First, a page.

School starts this week, and three teenagers who planned to attend Clearwater High won't be there. Keontae Brown, Jimmie Goshey and Dejarae Thomas were killed early Sunday when the stolen Ford Explorer they were riding in crashed and burst into flames. The car theft epidemic continues to spin out of control, and government officials, community leaders and parents should keep searching for solutions to a dangerous phenomenon that puts at risk the teens and every innocent driver they encounter.
This cannot be brushed aside as an issue only for law enforcement to handle. It cannot be ignored by middle-class, white families because the rise in juvenile car thefts can be traced to African-American kids, as the Tampa Bay Times "Hot Wheels'' investigation documents. When teenagers are driving stolen cars at high speeds, as these kids were before dawn Sunday along Tampa Road in Palm Harbor, no one is safe. The 29-year-old driver of the Toyota Camry they hit was just driving to work on U.S. 19 and now is lucky to be alive.
This weekend's horrific accident and the loss of life was predictable. In the "Hot Wheels'' report published this spring, Times reporters reviewed 18 months of police reports on juveniles stealing cars and found a kid is arrested every day for grand theft auto in Pinellas. One of the kids interviewed for that report told reporters in December that he was done stealing cars. Yet Deyon Kaigler, 16, was in the Chrysler Sebring that was stolen at the same time as the Explorer last week from a Clearwater car dealer. All three boys killed in the Explorer had arrest records, and two of three had previously been arrested for auto theft.
Some parents have practically begged for their children to face harsher penalties for stealing cars, and those cries for help were repeated again after Sunday's deaths. Perhaps, particularly for repeat offenders. Gov. Rick Scott signed into law this spring a change that seeks to crack down on ''prolific'' juvenile offenders and require prosecutors to bring cases to trial within 45 days of arrest. The Department of Juvenile Justice also is looking at revamping its risk assessment model to ensure repeat offenders are punished appropriately. But there have to be broader reasons that Pinellas stands out among other counties for car thefts by juveniles, and tougher punishment on the back end is not the ultimate answer in most cases.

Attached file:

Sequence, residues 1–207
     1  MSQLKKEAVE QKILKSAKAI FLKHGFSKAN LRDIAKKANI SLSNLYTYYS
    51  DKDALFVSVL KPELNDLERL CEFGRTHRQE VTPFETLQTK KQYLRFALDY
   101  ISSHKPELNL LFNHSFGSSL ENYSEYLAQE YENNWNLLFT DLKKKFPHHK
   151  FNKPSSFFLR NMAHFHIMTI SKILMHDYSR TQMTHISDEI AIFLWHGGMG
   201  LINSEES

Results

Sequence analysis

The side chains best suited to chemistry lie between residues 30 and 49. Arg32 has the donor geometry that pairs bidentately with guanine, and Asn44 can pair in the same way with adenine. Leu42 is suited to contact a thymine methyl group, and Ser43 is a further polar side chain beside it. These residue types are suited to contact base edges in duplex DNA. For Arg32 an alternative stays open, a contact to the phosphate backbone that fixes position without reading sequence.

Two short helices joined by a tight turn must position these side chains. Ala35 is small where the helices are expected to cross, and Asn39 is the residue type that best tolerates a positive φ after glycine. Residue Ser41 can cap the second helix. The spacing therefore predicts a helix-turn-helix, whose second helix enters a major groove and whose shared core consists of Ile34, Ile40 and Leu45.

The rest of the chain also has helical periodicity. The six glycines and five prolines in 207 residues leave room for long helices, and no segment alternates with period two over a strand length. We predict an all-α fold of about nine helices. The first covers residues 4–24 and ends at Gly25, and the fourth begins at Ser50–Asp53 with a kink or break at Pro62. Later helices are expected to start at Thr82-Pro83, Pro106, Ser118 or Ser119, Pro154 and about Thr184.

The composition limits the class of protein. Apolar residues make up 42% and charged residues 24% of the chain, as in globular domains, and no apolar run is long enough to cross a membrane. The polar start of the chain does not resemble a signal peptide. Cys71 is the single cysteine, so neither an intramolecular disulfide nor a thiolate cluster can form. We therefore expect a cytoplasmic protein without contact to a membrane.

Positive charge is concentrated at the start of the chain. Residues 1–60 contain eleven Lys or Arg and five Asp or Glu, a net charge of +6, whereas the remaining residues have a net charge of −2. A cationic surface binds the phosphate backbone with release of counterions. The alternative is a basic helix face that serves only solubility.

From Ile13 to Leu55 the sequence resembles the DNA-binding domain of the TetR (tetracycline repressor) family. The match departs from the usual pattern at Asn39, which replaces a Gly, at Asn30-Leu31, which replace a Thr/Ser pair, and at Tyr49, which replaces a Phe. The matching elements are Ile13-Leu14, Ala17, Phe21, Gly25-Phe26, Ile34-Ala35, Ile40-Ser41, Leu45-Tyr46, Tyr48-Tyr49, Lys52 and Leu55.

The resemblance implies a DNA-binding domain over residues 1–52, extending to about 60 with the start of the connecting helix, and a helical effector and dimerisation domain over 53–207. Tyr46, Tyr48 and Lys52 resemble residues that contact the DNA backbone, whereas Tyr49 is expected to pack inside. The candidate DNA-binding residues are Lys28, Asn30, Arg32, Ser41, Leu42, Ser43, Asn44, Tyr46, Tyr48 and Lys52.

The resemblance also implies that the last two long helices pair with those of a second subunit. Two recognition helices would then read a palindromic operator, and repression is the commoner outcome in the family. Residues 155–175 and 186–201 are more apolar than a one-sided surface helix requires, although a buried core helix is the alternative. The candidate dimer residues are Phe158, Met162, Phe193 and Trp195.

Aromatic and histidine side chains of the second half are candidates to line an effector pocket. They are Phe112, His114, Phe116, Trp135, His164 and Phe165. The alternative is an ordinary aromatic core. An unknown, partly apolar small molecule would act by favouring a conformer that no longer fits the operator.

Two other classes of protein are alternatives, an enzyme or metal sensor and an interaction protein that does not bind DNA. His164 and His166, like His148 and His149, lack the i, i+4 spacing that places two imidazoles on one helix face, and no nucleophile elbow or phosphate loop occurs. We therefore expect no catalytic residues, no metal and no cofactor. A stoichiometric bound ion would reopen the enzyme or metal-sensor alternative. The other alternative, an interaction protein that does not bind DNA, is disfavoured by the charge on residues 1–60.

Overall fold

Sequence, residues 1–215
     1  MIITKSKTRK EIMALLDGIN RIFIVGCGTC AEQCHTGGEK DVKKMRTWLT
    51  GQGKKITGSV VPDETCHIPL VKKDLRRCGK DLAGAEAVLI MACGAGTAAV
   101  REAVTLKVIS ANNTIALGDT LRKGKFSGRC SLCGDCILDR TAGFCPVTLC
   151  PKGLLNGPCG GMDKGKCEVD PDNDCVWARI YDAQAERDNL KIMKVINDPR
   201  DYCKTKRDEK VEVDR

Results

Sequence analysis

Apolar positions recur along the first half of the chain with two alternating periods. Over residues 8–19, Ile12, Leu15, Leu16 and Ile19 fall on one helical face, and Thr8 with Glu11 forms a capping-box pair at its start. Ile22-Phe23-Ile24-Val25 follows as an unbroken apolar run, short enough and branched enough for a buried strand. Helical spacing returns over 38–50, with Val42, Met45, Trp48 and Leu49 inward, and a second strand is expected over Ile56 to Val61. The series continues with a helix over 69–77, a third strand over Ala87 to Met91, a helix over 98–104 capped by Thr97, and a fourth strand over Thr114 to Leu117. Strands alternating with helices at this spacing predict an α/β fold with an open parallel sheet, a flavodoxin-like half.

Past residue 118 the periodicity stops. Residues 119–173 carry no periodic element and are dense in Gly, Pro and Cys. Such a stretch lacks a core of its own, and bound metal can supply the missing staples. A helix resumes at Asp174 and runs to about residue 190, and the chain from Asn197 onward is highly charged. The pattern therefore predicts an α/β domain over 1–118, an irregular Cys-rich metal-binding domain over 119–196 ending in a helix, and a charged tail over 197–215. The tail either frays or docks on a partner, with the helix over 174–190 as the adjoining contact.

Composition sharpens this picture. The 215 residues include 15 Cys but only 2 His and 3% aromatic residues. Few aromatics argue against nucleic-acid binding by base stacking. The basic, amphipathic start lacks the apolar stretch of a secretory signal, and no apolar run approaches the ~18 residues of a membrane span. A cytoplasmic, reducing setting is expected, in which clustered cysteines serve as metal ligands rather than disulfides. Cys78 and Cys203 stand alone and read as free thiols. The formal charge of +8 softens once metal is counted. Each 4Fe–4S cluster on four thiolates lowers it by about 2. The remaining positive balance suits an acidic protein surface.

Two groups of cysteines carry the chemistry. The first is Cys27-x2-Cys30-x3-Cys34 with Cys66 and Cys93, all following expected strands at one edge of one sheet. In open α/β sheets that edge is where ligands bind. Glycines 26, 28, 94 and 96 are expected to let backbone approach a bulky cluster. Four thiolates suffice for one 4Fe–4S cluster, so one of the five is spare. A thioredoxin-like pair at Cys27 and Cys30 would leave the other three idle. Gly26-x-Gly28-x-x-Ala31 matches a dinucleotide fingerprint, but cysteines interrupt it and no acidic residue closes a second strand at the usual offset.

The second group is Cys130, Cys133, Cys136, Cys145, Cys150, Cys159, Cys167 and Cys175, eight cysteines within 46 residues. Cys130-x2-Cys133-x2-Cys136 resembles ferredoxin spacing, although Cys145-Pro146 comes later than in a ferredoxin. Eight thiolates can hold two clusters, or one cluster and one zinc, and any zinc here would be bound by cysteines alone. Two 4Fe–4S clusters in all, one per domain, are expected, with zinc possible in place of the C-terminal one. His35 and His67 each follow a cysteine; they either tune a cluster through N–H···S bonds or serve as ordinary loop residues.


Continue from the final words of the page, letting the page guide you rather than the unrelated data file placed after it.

Reducing car thefts by kids means more difficult, long-term work on the front end. It will require reaching kids well before high school to change patterns of behavior. It will mean working harder to ensure their educational success, providing more opportunities for kids to see a brighter future with careers and creating more ways to keep them busy. U.S. Rep. Charlie Crist, D-St. Petersburg, already is seeking federal money for more youth activities in poor neighborhoods, and the Pinellas County Sheriff's Office has hired two new social workers to help families obtain existing services.
Ultimately, though, law enforcement and more government programs cannot be the only answer. Parents have to take more responsibility for the actions of their children. When parents are unable or unavailable, relatives and other adult role models from teachers to mentors have to fill the void. And every Pinellas family and business can help by at least locking and securing their vehicles. Despite all of the attention on auto theft this year, the number of auto thefts in St. Petersburg rose by more than 17 percent during the first five months of this year compared to the same period last year.
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The entire community should mourn the loss of three young lives in a stolen SUV — and rededicate itself to finding innovative ways to reduce auto thefts by juveniles. As long as stealing cars and driving fast is a popular game for too many teens, everyone is in danger.